Thursday, March 31, 2011

Hearts & Minds

Dali & Captain Moore
There's a story about Salvador Dali, told to me a few years ago by his long-time manager, Captain Peter Moore.

Peter called on Dali at his house and studio in Port Lligat to see how he was progressing with a commission and was alarmed to see that the painting was far from finished.
'No problem, el capitano,' said Dali, 'I have until end of October.'
'But it's already November,' said Peter.
'November!' exclaimed Dali. 'Someone has stolen my October!'

I feel a little like that about March! Although rather than stolen it was filled to the brim with exciting events for the launches of another country, haiku poetry from Wales (Gomer Press).

But I'm back home in France now, catching up with writing and AppleHouse, and I came across this poem, in my Poems on the Underground anthology, which I can't remember ever reading before:

from The Mind is an Ancient and Famous Capital

The mind is a city like London,
Smoky and populous: it is a capital
Like Rome, ruined and eternal,
Marked by the monuments which no one
Now remembers. For the mind, like Rome, contains
Catacombs, aqueducts, amphitheatres, palaces,
Churches and equestrian statues, fallen, broken or soiled.
The mind possesses and is possessed by all the ruins
Of every haunted, hunted generation's celebration...

Delmore Schwartz (1913 - 1966)

Lots of the metaphors make immediate sense to me, particularly the mind being full of monuments 'which no one/ Now remembers' and 'Catacombs', although I'm a little unsure about 'equestrian' statues. I suppose the horse and rider could symbolise war? But I still like the poem a lot.

A few years ago I wrote a poem entitled 'Your Heart' which was published on a poster for a Hospital project:
Write a poem about the mind or the heart. Use metaphor rather than direct explanation to suggest what the mind or heart is, or does.

Write well.

Sunday, March 06, 2011

Your age... contented, accepting, resentful, indifferent, curious?

There's a saying... if you want to feel young, mix with younger people. If you want to look young, mix with with older people. Here on the Cote d'Azur, particularly outside of the holiday season, there are a lot of elderly people, and for the most part all pretty sprightly for their eighties, so at 52 I'm a bit of a teenager!

Apart from being alternately accepting and resentful of the usual signs and effects of age - aches, wrinkles, long-sightedness, unable to drink more than a half bottle of wine without getting a hangover - I really do like being in my fifties and wouldn't want to go back to a previous age or time.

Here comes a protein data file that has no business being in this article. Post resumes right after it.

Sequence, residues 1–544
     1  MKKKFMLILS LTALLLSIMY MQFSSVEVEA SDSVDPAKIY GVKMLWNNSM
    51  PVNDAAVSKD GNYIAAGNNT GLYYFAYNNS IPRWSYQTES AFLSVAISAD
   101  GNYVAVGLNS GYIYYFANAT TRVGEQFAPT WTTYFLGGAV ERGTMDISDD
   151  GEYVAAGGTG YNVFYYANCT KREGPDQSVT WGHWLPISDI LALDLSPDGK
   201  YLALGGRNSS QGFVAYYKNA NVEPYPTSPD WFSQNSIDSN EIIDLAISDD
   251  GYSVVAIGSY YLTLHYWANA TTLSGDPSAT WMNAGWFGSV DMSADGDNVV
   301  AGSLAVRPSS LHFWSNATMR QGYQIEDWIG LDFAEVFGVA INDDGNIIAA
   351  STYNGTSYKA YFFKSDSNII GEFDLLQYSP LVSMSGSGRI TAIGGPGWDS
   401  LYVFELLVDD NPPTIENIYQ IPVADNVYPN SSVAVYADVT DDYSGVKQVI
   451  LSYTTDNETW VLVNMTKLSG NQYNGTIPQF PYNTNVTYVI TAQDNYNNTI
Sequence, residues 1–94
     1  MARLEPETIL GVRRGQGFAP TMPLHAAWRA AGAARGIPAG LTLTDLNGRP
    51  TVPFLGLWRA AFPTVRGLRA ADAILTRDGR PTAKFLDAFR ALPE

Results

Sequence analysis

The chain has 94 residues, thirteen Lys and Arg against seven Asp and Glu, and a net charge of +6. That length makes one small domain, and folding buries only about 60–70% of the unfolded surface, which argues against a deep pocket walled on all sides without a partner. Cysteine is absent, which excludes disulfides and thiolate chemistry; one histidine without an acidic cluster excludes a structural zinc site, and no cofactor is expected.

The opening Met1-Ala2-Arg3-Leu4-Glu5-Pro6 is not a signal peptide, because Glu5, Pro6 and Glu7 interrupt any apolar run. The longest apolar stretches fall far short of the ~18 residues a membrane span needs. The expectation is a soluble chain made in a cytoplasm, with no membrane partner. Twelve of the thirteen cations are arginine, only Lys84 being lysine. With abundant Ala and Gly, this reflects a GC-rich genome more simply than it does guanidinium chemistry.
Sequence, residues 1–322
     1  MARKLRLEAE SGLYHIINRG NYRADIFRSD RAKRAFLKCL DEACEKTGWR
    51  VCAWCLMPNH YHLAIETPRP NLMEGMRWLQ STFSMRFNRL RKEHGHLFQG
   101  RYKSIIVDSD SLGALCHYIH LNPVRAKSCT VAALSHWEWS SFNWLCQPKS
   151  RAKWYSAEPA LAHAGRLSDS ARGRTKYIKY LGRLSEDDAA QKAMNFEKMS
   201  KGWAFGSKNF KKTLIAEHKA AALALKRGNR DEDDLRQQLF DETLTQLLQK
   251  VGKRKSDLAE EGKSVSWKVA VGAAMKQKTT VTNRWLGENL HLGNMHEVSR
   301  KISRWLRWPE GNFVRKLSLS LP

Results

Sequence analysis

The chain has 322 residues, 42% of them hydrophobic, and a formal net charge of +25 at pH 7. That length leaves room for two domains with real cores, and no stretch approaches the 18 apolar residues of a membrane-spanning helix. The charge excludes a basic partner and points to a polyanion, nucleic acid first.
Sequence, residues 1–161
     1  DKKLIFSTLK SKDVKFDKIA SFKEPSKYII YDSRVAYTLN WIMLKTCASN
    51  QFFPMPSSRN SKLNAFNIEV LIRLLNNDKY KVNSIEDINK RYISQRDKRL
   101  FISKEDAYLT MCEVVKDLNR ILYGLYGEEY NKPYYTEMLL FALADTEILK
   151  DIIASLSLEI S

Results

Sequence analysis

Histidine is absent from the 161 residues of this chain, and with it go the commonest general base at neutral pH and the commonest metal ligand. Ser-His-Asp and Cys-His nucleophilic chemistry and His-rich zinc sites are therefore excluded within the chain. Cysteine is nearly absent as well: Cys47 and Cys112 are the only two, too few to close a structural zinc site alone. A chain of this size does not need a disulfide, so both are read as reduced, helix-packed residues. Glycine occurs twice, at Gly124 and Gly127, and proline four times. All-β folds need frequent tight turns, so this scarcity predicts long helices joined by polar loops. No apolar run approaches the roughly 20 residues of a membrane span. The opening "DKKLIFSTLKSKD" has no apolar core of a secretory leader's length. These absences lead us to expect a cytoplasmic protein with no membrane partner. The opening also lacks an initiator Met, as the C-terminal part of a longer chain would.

How about you? And do you ever wonder what you'll be like in 20 or 30 years time? It's difficult enough to feel any real connection to the child, girl or young woman who stares out at me from old photos so to imagine what and who I might be in the future feels like an impossible task. Perhaps I should have a go at one of those 'ageing' apps you see on Facebook and on people's mobile phones!

The danger of writing poems about getting older is that they might sound sentimental, even self-indulgent if we write about ourselves. How do we explore the personal and particular but make it universal, make it something that matters to other people? Philip Schultz talks about age in this poem:


My bones aren't what they used to be; my eyes ache,
as if I've been reading an ancient text by candlelight.
My back and knees creak. I'm happy if the car starts
and I can walk the dogs along the ocean which looks
a little less robust. It replenishes itself with stretching
and long cleansing breaths. The sun is another story.
It's beginning to show its age. Perhaps we've enjoyed
enough springs and everything is getting a little redundant.

Philip Schultz
from Living in the Past - Available via Amazon
Harcourt, Inc., 2004

Co-winner of the 2008
Pulitzer Prize

I like how he links ageing to the planet - what he notices about the sea, the sun. Do you think the last sentence is a little defeatist, or is it philosophical? Why should we expect our planet to last forever? And this is one of the thoughts I leave the poem with rather than just thinking about the narrator's own experience.

There's one phrase in the poem that makes me smile: I'm happy if the car starts/ Me too! Do we expect less as we get older? Or do we learn gratitude? Again, I'm prompted to reflect on particular ideas that are implicit in the poem but take me outside of it too.

Write your own age poem, using the above poem as a model, or stretching out in your own direction. But be careful, you don't want to put your back out : )

Write well